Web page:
I was interested to see the article in today's New York Times ("Rethinking Gender Bias in Theatre," http://www.nytimes.com/2009/06/24/theater/24play.html?_r=1&ref=todayspaper), and the item in this week's New York Magazine's Vulture column (link above) about the prejudices against plays by female writers. The studies may all be true, but I've certainly got questions. Like, how can you determine that women are less prolific playwrights than men, using the Dramatist Guild and doollee.com? Neither the Guild nor doollee (and I'm very loyal to both) keep track of unproduced plays, only produced plays. The tests of sending out plays by women under male and female pseudonyms is an interesting experiment, but surely it wasn't large enough to be statistically significant. I don't doubt that there are women artistic directors and literary managers who don't hold women playwrights in high esteem; several come to mind. But I expect there's a whole lot more going on there.
What I had expected (and didn't see) was a semi-replication of the NYSCA study of several years ago, which looked at regional theatre productions (as opposed to Broadway) of plays by women. It also found that it was the same women (the usual suspects we all know and love) getting productions in these theatres. The new studies also assert that there are fewer women playwrights than men (certainly true), but also that one can draw the conclusion that there are fewer good plays by women than there are by men, and that's why fewer women's plays are produced? I simply don't believe it. I know too many women with good, unproduced plays. I've also heard Marsha Norman say (to me and a hundred other people) that her male students from Juilliard consistently have agents when they graduate, and her female students consistently don't. Is it because she and Christopher Durang can't tell the difference between good and bad writers? I doubt that.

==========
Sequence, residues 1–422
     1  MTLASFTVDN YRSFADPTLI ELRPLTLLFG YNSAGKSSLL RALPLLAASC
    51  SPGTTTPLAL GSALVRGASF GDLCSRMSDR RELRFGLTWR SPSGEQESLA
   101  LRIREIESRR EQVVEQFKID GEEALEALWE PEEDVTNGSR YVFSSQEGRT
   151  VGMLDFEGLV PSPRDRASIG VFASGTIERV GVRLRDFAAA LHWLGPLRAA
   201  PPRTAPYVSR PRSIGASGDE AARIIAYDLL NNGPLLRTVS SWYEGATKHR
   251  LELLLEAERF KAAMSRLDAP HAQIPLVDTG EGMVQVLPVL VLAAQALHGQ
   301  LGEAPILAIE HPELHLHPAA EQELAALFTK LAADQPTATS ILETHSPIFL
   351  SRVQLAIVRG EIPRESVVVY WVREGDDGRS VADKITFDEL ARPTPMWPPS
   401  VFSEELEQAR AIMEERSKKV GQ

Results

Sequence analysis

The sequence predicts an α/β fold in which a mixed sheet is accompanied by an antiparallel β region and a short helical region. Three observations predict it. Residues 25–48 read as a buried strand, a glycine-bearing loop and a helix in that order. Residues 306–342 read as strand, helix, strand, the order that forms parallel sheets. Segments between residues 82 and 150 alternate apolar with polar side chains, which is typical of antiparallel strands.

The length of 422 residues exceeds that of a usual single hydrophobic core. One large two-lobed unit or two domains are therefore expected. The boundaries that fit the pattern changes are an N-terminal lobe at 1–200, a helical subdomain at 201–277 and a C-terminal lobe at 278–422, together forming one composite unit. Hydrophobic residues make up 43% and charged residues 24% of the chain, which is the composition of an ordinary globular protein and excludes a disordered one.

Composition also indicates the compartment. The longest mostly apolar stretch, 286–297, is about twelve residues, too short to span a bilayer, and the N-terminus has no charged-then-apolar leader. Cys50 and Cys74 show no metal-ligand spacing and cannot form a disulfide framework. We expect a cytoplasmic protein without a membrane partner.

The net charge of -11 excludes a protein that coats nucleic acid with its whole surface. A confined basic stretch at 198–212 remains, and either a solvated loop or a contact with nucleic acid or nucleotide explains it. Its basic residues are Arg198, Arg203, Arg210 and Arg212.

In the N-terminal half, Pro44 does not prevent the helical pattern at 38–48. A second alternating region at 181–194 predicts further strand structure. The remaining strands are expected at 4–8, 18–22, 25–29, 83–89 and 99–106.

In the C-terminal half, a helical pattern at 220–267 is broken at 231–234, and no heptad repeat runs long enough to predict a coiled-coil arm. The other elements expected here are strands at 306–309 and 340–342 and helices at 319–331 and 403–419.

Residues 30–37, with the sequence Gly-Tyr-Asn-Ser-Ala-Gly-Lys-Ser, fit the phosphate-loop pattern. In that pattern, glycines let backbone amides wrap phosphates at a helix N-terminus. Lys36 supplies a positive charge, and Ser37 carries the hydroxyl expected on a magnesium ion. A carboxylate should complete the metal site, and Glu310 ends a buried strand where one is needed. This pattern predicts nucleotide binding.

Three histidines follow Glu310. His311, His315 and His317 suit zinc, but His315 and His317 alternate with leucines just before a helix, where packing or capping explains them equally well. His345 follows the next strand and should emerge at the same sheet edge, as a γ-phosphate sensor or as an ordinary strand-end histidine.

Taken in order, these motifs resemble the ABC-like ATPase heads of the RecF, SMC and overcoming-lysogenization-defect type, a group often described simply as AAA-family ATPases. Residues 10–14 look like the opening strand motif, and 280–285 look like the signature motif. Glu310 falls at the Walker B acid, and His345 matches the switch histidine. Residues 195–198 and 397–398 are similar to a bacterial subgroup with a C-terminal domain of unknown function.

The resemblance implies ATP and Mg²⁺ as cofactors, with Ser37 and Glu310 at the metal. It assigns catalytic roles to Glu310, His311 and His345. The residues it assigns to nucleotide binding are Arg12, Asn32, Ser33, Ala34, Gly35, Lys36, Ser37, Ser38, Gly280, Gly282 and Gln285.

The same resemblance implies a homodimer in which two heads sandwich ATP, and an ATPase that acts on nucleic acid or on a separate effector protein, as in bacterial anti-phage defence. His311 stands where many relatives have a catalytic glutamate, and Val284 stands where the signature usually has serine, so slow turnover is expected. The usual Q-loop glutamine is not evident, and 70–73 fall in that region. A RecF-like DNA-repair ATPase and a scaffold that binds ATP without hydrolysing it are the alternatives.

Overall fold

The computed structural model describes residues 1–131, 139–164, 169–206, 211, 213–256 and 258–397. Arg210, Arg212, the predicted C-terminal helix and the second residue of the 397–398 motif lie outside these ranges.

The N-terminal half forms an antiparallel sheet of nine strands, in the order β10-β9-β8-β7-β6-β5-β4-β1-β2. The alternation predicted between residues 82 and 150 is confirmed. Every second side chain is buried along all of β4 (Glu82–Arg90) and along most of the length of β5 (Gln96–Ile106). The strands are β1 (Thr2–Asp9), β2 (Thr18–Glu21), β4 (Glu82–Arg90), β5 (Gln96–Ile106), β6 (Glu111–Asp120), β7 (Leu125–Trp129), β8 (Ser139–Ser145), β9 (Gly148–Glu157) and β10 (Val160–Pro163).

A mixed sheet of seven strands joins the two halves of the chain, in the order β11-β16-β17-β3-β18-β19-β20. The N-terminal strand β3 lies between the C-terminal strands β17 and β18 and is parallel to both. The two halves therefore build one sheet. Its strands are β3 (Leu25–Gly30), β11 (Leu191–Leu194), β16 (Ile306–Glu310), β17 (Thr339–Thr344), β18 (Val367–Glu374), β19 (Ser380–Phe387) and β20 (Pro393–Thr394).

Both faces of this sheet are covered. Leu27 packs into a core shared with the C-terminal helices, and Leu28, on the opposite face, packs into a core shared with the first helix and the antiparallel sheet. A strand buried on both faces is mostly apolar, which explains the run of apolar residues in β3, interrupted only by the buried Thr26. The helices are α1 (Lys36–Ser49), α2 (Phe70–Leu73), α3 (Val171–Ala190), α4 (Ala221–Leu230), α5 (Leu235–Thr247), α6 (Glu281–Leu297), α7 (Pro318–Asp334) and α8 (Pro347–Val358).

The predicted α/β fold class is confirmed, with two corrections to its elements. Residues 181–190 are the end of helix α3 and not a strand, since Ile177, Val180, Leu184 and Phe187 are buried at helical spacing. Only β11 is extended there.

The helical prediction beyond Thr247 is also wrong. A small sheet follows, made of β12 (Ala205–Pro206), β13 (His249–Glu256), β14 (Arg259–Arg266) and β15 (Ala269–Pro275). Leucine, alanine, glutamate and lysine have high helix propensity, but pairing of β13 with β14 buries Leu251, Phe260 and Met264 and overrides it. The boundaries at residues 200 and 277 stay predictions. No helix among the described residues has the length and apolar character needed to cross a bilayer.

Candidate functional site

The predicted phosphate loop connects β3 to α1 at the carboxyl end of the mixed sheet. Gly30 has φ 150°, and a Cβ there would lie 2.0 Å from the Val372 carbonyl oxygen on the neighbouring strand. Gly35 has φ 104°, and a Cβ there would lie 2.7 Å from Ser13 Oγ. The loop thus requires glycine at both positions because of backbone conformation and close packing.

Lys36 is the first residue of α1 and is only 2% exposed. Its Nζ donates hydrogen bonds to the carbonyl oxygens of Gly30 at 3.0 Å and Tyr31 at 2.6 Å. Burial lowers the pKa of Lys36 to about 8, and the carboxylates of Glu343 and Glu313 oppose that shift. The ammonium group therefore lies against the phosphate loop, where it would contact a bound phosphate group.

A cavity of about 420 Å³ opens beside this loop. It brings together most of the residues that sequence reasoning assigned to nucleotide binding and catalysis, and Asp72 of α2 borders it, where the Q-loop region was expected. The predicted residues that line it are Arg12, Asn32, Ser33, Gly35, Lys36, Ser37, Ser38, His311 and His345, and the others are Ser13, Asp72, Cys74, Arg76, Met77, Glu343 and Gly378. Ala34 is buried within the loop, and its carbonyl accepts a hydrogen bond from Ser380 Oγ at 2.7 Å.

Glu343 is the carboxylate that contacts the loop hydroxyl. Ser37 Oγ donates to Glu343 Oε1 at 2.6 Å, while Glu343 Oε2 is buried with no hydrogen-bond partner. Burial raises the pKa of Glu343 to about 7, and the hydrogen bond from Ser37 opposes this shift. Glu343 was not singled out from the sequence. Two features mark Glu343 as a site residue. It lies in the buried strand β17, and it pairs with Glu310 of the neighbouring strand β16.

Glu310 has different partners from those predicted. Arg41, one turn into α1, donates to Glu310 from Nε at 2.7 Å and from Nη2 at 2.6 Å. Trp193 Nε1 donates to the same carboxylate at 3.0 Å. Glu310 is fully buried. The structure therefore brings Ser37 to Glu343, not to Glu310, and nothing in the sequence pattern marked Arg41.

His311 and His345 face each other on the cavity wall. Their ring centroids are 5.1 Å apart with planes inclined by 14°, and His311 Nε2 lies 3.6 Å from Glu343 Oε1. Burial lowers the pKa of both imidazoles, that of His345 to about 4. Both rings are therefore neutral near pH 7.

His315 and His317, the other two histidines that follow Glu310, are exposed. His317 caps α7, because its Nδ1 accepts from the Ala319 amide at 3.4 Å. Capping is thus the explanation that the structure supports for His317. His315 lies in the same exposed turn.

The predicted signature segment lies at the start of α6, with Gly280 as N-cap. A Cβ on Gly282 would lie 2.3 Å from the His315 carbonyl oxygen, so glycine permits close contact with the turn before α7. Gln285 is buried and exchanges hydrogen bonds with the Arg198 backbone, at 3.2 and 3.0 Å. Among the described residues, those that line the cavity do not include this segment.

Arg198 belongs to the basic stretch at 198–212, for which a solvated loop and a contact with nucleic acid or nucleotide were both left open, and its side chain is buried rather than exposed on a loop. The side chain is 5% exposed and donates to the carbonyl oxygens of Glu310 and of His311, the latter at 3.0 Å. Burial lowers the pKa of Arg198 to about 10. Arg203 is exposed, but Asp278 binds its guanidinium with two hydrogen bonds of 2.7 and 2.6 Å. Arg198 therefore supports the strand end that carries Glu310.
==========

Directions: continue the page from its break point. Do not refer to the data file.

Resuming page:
I think that great kudos should be given to Julia Jordan, for laying out these questions as she did at the first town hall meeting about this at New Dramatists last fall. But I think these studies have raised at least as many questions as they've answered.
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